MAKE YOUR SPEECH INTERESTING: Going back to the example in the beginning, the reason why people felt comfortable with the second author was because he made his speech memorable. He added personal stories that related to the development of his book.

Share the humorous experiences of researching your book, putting your book together, the frustrations of a single chapter, and jokes. A touch of intimacy gives your audience a good feeling and a deeper knowledge about your book. Your audience is more likely to remember you and want to read/purchase your current material. I know when I read books of authors I have met, I like to share with people about what I know and what the author was thinking when s/he wrote the book.

Be sure to talk about the new book you’re working on or any future projects to give everyone a sense of something to look forward to. Allow enough time for questions and answers to avoid the first scenario. The audience loves the notion of talking to their favorite author. When you have completed your speech or book-reading, open the floor for further discussion. Make eye contact with people, point out a specific person who has his/her hand raised, listen, wait a few seconds to digest the question/comment, and give a sound answer.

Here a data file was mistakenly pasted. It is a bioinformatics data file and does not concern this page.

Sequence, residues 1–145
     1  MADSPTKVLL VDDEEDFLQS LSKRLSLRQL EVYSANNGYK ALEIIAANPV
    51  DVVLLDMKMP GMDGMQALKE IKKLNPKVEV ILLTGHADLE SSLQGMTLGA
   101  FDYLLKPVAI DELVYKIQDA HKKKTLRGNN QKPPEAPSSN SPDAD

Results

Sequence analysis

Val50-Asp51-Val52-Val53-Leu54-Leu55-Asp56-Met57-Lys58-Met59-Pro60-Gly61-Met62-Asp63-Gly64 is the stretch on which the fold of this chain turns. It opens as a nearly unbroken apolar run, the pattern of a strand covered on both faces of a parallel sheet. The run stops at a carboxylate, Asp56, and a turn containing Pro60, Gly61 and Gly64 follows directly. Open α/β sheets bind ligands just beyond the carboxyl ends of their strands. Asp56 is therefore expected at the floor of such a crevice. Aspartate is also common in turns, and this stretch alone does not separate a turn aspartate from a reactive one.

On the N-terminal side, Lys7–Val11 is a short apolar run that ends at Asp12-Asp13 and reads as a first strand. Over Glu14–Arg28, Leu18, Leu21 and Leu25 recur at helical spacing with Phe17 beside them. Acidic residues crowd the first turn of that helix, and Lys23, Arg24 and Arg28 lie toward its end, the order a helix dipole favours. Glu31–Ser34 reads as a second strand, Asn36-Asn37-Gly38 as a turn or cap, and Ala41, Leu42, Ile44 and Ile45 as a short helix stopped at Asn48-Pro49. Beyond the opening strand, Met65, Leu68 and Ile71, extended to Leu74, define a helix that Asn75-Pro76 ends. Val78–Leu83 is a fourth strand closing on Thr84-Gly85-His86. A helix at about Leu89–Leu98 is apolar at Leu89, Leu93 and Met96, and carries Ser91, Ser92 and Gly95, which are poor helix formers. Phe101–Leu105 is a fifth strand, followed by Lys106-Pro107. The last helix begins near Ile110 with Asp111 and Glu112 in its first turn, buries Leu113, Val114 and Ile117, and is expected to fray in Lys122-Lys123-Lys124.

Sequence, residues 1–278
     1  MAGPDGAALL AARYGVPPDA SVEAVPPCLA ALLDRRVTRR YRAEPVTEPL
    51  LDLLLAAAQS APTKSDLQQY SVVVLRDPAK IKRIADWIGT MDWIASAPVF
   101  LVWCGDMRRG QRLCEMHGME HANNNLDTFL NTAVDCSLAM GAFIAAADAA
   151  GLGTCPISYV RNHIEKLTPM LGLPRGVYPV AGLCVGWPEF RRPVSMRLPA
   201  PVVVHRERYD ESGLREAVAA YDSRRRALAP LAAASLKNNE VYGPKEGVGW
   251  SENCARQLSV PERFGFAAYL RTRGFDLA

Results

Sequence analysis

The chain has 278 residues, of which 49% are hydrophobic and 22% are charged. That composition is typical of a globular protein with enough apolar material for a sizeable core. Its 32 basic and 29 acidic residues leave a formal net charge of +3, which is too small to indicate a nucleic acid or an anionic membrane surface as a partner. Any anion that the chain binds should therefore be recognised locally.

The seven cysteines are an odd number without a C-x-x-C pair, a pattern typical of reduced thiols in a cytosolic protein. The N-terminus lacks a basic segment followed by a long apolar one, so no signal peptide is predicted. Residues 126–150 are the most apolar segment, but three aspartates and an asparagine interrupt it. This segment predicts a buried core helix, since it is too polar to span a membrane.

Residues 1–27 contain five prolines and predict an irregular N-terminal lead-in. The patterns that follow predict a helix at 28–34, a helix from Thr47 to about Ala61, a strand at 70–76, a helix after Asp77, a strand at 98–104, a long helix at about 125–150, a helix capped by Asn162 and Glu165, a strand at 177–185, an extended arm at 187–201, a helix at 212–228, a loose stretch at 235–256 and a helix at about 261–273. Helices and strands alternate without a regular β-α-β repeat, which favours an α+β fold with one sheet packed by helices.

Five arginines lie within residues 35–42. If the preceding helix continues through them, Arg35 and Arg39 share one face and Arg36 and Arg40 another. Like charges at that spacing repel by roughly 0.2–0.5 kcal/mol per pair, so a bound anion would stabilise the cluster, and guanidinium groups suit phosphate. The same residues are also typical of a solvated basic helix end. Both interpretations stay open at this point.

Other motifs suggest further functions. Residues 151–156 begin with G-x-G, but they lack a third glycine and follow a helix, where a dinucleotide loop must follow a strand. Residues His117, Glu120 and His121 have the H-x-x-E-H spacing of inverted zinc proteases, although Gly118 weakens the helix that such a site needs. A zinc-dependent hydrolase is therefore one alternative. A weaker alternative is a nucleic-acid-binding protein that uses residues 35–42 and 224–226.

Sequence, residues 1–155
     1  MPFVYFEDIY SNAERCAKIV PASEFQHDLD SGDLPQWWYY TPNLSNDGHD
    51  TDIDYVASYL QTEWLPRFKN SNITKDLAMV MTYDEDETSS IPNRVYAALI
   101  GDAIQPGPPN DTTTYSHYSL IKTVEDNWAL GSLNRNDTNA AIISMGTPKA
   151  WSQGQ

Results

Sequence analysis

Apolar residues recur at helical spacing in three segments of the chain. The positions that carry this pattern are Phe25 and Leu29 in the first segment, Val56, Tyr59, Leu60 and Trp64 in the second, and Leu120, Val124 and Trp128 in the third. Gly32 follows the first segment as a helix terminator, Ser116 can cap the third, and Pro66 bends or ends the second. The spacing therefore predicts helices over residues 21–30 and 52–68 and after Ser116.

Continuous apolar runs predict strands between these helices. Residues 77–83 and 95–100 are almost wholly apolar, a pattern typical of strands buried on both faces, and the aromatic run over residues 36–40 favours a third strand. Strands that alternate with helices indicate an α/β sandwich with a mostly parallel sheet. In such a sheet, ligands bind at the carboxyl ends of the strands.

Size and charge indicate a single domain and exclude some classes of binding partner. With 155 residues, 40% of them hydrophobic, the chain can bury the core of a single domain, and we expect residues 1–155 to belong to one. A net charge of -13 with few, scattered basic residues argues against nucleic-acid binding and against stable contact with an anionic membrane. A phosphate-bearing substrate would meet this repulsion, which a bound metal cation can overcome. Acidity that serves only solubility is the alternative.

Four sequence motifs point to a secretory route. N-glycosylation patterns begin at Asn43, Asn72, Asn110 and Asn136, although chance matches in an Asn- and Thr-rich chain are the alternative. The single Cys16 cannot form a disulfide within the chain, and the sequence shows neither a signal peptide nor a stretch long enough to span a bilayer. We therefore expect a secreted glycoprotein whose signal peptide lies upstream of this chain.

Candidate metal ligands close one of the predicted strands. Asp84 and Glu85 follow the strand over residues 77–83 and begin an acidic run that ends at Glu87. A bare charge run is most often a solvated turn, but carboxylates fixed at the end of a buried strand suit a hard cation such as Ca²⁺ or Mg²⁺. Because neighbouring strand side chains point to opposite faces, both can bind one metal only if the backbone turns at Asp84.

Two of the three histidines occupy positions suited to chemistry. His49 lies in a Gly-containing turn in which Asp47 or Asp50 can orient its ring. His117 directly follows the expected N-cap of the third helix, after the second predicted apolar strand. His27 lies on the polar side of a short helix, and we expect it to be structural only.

MAKE THE PLUNGE: Cast your fears aside and accept the invitation to make a public appearance.

Now go make that public appearance with confidence.

Final Poll Results

10 Secrets Of A Synopsis That Sells

Absolute Blank

By Melissa Muro

If you’re a writer and there is a novel sitting on your desk, waiting to be sent out to prospective agents, there will come a time that you have to formulate a synopsis.

Cooking up a hot synopsis is not something that writers need to fear, yet they do. If there is one thing that really gives them reason to procrastinate, it’s that daunting task of compressing a single novel into a single page or ten pages, depending on what the agent or publisher has requested.